Daniel 3:16-18 is one of my very favorite passages of all time. It’s the story of Shadrach, Meshach and Abednego – some of the coolest names in the Bible. But I love this passage. It says, “Shadrach, Meshach and Abednego replied to the king, ‘Oh Nebuchadnezzar, we do not need to give you an answer concerning this matter. If it be so, our God, whom we serve is able to deliver us from the furnace of blazing fire.’”
Do you believe that your God is able to deliver you from the furnace of blazing fire? He is.
“And He will deliver us out of your hand, O King.” This is my favorite part though. “But even if He does not, let it be known, to you O King, “But even if He does not, let it be known, to you O King that we are not going to serve your gods or worship the golden images that you have set up.” Yes!
Do not bow your knee because change did not come in the way that you expected it would or prayed that it would or were told that it would. And don’t bow your knee to the golden idol of change because we have. Change IS possible for every believer who has a relationship with Jesus Christ, if we allow that change to take root in our hearts and our lives, but I’m not talking about attraction or orientation or whatever you want to call it. I’m talking about the kind of change that lasts forever. The greatest part of my story isn’t that I stand before you today as someone who doesn’t struggle anymore with same-sex attraction, because the truth of the matter is, I do! But you know what? If you think less of me for that, I don’t care! It’s just my reality. Can I tell you how much those same-sex attractions impact my daily life? Very, very little. Even on days when they are strong – and there are still days when they are – I don’t give a hoot about them. They do not define me! I don’t live my life based upon them rearing their ugly head! I don’t plan my day around them – I might plan my TV schedule around them. They don’t overwhelm my every thought! They don’t overwhelm my marriage! They simply serve to inform the life that I live and how I live it.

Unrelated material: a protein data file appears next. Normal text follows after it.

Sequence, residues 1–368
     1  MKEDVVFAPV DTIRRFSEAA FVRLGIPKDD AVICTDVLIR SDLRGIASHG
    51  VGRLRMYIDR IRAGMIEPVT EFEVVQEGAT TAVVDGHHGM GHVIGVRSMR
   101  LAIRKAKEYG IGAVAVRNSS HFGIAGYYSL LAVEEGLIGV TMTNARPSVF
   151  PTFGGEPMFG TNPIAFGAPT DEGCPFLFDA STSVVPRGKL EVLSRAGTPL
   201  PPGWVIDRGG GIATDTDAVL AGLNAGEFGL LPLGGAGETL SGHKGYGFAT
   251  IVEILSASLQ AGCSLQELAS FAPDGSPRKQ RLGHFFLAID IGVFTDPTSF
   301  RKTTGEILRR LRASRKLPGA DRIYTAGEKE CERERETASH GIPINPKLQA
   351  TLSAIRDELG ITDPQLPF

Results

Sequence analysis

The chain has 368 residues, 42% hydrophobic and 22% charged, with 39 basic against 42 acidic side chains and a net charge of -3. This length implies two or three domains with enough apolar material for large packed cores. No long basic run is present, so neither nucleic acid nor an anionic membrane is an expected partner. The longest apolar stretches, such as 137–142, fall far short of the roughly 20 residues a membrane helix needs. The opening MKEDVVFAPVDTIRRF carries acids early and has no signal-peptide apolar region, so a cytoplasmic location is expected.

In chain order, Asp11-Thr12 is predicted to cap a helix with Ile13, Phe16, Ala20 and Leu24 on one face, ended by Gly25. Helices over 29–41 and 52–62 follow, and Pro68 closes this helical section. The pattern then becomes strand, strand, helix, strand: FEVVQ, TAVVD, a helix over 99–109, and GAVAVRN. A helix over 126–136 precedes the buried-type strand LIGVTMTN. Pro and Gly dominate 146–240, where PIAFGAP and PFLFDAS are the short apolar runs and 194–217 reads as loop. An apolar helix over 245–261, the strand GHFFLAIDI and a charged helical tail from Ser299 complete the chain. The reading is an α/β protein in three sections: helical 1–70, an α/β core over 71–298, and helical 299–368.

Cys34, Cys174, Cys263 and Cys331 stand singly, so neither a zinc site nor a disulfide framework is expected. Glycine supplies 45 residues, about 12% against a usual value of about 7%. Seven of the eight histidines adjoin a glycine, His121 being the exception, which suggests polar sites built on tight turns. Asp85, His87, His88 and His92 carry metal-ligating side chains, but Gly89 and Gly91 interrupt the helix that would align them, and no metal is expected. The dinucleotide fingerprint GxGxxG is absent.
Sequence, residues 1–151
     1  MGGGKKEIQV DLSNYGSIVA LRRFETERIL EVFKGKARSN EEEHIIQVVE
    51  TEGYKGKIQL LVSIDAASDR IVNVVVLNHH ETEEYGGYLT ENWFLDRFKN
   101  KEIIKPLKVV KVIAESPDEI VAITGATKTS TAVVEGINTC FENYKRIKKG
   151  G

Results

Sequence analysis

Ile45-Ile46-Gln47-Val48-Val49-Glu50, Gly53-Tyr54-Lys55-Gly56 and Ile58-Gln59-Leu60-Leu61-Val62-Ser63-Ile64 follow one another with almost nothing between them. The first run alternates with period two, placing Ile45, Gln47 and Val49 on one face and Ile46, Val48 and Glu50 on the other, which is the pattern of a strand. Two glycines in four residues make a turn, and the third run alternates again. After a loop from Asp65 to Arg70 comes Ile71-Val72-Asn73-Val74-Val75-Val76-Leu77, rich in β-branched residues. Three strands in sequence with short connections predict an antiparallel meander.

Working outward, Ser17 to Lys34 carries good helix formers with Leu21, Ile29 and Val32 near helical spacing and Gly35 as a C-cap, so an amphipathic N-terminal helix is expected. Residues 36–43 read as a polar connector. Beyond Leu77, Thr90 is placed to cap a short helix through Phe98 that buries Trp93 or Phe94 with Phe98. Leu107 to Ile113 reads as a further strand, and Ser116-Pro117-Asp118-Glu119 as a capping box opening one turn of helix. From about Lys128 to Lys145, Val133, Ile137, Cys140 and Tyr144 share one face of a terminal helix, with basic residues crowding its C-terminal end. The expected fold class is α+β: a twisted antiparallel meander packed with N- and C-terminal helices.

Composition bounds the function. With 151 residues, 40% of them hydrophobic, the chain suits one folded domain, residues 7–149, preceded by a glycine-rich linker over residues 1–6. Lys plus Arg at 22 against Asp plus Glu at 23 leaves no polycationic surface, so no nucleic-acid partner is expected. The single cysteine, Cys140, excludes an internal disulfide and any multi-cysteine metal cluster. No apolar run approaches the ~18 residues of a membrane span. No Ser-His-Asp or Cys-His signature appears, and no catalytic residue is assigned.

I think we’ve made a golden idol out of “change.” I think we’ve made a golden idol out of our struggles with these issues, our temptations with these issues. My hope is that as we move forward as Exodus, that we will help those who are impacted by these things and the church not to do that anymore – not to make special exceptions or special rules, or special programs, or special therapies or groups – special sub-cultures for people who deal with these things. Don’t you know we don’t need Exodus if we, in the Body of Christ, would realize that we have everything it takes to help people who struggle.